Atlas Smiled

March 7, 2015

13482497824_35da2e2555_kThe story of the titan Atlas is traditionally one of oppression. As punishment for his defiance of the Olympian gods, Atlas is imprisoned by Zeus, condemned to carry the sky on his shoulders for all eternity. He gets a brief respite when he convinces Heracles to carry the load, but is quickly tricked back into his chains. And so he stands, crushed by the weight of the sky, for all of his immortal life.

In some versions, Atlas carries the world itself, not just the sky, but the intent is the same: Atlas carries the world as a punishment. In this traditional depiction, he is shown groaning under the load, crumbling beneath the immense weight.

But there is another way to see the story.

At the Rockefeller Center in New York is a statue of Atlas standing tall, proudly bearing the load nobody else can shoulder, a regal being doing all he can to carry the weight of the world.

This statue celebrates the titan’s strength. He is not shown in chains, nor is he bowed beneath the globe. Instead, he gazes towards the future, with one foot stepping out, as if carrying humanity forward.

This statue is often associated with Ayn Rand’s book, Atlas Shrugged, though the statue was made long before the book was written. Atlas Shrugged is about those who bear the world’s burdens — the wealthy capitalists and industrialists according to Rand — walking away from the expectations imposed on them by the mediocre masses. (Rand, a Russian transplant to the US, was reacting to communism and was perhaps overly enthusiastic about capitalism). Thus, the image of those who bear the greatest loads and carry the weight of the world shrugging it off and retiring to form a perfect society.

I don’t think this version is much better.

The story I want to tell is one in which Atlas is a hero. He has the strength and the will to carry the world, and so he does, not because others force him to do it, but because he believes in living at his greatest potential and taking on the challenges worthy of his strength. He helps others by carrying them through their troubles, moving the entire world into a future of possibility and promise.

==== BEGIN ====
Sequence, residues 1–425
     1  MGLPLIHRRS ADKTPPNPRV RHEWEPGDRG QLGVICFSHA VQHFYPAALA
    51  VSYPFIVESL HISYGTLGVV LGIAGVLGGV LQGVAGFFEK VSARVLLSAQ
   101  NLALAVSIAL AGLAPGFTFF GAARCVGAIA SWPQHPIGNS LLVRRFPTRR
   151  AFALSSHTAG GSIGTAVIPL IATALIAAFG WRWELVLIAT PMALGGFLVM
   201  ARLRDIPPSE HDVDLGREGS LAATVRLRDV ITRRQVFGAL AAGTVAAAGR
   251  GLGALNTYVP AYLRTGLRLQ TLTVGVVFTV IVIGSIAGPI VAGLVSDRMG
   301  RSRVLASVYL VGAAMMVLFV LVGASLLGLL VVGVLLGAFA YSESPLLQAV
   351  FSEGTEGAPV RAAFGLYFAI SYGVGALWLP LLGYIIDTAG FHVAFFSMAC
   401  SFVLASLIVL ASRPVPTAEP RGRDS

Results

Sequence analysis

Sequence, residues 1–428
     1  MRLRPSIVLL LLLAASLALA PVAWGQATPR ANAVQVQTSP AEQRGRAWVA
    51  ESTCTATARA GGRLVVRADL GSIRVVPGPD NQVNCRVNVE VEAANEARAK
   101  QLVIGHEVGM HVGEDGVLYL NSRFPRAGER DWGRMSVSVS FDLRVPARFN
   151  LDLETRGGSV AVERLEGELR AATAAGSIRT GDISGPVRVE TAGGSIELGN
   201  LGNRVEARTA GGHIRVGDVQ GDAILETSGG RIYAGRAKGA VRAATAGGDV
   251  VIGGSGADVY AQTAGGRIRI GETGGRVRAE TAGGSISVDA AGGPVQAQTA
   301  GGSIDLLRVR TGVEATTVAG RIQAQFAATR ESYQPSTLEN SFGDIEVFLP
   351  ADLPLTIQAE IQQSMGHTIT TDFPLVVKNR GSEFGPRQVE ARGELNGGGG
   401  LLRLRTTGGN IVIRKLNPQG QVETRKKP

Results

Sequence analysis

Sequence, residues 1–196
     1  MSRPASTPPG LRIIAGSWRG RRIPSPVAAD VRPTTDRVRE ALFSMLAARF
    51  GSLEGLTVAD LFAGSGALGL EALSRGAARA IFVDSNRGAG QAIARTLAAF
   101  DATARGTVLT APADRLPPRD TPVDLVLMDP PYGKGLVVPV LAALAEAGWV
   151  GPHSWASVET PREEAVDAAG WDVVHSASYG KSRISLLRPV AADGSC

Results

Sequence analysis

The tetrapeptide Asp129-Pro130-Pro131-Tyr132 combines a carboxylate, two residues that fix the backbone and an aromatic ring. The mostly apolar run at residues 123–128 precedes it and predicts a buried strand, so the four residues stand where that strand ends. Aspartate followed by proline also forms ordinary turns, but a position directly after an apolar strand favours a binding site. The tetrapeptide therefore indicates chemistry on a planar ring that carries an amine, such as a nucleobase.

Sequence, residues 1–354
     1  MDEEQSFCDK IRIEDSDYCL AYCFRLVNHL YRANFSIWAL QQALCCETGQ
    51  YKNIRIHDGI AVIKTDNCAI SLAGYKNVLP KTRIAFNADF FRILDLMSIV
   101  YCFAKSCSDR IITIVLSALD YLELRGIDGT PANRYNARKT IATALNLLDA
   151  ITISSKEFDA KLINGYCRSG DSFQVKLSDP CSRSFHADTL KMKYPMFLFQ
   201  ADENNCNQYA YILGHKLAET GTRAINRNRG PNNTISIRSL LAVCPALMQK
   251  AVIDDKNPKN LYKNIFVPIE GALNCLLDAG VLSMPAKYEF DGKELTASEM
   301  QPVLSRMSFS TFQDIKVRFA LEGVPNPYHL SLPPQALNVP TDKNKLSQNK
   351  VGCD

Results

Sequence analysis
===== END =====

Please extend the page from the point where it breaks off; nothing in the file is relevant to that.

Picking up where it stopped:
Even in my story, Atlas is an impossible ideal, but he represents something I think we should all aspire to: serving humanity at our greatest capacity.

If you are a genius at healing the sick, do that. If you are a brilliant game designer, do that. If you are excellent at working financial markets, do that. And in all cases, do it to make the world a better place, whatever that means to you. We ought to carry the burdens that our strength allows us to shoulder, to help others where we can. By doing this, we can lift them up.

And we ought to do it with no thought of thanks or recognition, but simply because it is within our capacity and concern to do it. We don’t have to work ourselves to death and poverty, but we shouldn’t hold back our gifts for want of reward.

In my version of the story, Atlas is happy to help because he is so powerful and so caring that the burden of the world is nothing. He was made to carry it, and it is his greatest pleasure to serve. He doesn’t turn his back on the world, shrugging it from his shoulders, nor does he buckle under a weight he resents as punishment.

Instead, he smiles and stands taller, so that everyone can be that much closer to the sun.

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